April 26, 2012 | Vol. 17 No. 9 | Full Issue in PDF Format
The drug industry needs to get over its risk-averse attitude on much talked about ideas to improve the clinical trials enterprise, and the FDA needs to provide sponsors with enforceable agreements that will give companies the confidence to branch out from the norm, Association of Clinical Research Organization (ACRO) experts say.
Drugmakers would need to submit pediatric study plans to the FDA sooner in the drug development process under a bipartisan Senate bill that would make permanent three programs intended to encourage pediatric trials of medical products.
The FDA’s Reproductive Health Drugs Advisory Committee is recommending approval of Astellas’ overactive bladder (OAB) drug mirabegron, saying unresolved cardiovascular safety concerns are outweighed by the need for new OAB therapies.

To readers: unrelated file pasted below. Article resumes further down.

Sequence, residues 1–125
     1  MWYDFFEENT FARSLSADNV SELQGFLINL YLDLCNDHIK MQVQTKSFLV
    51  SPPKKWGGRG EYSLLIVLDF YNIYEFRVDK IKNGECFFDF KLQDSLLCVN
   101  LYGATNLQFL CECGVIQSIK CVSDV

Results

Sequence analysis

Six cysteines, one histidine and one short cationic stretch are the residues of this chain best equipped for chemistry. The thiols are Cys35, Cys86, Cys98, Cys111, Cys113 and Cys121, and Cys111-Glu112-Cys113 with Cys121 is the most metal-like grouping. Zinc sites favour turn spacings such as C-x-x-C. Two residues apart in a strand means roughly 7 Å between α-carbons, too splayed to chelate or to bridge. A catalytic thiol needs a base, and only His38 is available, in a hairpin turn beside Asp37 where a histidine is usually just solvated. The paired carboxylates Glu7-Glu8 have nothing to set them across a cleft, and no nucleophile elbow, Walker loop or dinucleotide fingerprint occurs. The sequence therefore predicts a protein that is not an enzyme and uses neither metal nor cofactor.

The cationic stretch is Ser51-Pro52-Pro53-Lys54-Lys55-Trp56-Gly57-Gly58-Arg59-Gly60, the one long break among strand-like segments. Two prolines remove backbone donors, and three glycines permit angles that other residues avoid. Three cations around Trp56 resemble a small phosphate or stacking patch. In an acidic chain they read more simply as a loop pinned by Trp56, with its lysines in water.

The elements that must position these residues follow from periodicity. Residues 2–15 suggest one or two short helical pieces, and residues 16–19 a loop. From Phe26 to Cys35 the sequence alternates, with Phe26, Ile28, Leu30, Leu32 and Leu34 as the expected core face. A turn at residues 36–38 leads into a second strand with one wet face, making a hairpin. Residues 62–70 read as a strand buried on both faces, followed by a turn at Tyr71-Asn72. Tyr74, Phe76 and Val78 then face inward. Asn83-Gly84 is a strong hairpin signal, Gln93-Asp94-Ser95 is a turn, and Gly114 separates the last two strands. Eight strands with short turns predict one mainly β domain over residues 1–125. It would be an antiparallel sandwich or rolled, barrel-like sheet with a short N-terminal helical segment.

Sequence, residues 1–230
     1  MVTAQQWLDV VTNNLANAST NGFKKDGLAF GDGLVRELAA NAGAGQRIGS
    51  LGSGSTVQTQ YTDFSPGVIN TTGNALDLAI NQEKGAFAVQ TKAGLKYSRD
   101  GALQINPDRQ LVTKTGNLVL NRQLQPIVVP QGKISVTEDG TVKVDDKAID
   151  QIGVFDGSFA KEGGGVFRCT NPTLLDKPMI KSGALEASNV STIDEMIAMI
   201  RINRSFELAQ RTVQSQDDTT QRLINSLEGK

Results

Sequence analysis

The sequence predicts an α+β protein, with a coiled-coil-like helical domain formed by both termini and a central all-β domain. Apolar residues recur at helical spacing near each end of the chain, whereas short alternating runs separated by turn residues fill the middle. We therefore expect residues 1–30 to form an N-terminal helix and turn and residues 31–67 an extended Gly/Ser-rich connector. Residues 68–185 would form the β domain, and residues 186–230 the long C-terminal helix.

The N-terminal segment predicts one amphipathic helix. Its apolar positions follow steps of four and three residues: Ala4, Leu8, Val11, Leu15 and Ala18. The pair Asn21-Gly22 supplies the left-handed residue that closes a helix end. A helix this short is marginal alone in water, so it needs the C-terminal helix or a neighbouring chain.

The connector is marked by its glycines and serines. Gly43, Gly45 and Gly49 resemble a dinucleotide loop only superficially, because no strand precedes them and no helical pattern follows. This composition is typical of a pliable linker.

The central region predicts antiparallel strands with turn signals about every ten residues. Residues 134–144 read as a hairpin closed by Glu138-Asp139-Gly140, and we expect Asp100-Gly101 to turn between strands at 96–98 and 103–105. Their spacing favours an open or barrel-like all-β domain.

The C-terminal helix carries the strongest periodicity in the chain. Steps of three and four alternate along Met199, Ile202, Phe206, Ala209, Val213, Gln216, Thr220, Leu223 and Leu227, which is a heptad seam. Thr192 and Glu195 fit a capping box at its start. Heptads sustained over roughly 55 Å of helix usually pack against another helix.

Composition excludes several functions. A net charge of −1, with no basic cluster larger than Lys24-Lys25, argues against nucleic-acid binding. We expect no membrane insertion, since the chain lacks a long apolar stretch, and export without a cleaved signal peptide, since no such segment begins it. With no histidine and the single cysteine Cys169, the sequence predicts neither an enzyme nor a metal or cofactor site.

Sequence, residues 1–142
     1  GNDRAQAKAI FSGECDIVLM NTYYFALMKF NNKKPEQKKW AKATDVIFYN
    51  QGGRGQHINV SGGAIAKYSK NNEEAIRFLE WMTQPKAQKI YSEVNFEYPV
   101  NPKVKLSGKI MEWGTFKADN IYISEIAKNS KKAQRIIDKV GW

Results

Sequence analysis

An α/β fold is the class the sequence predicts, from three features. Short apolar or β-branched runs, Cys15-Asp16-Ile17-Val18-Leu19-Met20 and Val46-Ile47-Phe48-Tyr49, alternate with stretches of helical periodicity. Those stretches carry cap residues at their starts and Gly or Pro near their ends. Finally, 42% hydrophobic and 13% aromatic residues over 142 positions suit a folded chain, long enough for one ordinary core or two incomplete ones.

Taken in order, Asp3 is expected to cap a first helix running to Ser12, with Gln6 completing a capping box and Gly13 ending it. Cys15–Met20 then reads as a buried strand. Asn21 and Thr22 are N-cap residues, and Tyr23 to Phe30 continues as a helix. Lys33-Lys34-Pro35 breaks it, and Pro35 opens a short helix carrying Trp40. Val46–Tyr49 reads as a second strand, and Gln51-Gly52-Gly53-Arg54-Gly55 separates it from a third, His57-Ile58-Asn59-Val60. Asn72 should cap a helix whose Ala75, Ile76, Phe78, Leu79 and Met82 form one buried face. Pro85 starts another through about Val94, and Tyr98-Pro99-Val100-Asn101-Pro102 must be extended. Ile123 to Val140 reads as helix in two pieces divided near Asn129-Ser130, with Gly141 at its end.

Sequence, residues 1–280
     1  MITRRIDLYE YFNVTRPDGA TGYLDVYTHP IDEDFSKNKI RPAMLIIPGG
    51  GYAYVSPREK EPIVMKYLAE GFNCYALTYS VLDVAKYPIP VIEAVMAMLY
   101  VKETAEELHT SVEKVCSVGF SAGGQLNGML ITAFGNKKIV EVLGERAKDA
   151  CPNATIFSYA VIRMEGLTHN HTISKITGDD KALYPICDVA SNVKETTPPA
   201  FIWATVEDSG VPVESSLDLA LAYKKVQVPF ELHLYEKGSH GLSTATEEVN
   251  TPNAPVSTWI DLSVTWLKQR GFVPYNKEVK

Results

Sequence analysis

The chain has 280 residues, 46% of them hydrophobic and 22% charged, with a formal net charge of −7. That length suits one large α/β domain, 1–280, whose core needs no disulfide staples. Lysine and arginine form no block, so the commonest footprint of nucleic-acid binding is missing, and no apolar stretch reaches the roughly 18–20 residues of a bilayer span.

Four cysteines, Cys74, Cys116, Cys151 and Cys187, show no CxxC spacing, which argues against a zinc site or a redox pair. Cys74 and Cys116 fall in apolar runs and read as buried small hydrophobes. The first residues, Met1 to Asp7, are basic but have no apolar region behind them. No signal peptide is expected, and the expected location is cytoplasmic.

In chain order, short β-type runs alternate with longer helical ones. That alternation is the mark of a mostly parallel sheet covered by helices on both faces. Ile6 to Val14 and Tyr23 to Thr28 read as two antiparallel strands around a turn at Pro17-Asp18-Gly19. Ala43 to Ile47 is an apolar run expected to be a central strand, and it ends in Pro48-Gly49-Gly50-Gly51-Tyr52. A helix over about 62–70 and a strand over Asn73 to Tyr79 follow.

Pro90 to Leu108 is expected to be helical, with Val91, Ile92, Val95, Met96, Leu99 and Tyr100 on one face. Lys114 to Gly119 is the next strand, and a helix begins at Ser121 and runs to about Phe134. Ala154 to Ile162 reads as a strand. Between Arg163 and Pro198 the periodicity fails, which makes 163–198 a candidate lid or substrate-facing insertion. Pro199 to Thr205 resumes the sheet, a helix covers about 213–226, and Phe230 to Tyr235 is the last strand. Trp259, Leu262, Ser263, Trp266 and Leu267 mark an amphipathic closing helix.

Sponsors and CROs will craft trial contracts that are entirely in their favor, but that doesn’t mean sites are tied to this proposal verbatim, a site expert says.
The FDA has halted approval of new trials and enrollment in ongoing studies reviewed by BioMed IRB after two negative assessments of the board’s work.
Trial sponsors should notify the FDA about all adverse events brought to their attention by data monitoring committees (DMC), regardless of whether the safety issue is “serious” or not, according to new guidance.
Sponsors and other clinical trial stakeholders have failed to adapt their business plans to the advancing technological landscape and are missing numerous opportunities to make drug development more affordable, according to a new Institute of Medicine (IOM) report.
BOSTON — Drugmakers need to begin examining new research and development models as financial constraints tighten research budgets, an industry leader says.
To help drugmakers speed new therapies to patients with rare diseases, U.S. and EU regulators should harmonize their philosophies around orphan drug development and generate common guidance on trial requirements, experts say.
Roughly 8 percent of clinical trials inspected by Health Canada between 2004 and 2011 were noncompliant with agency regulations, according to a new report.
Trial billing is an easy area for the government to audit, and noncompliance can result in hefty penalties, Lisa Murtha told listeners at a recent FDAnews webinar on clinical trial billing under Medicare.
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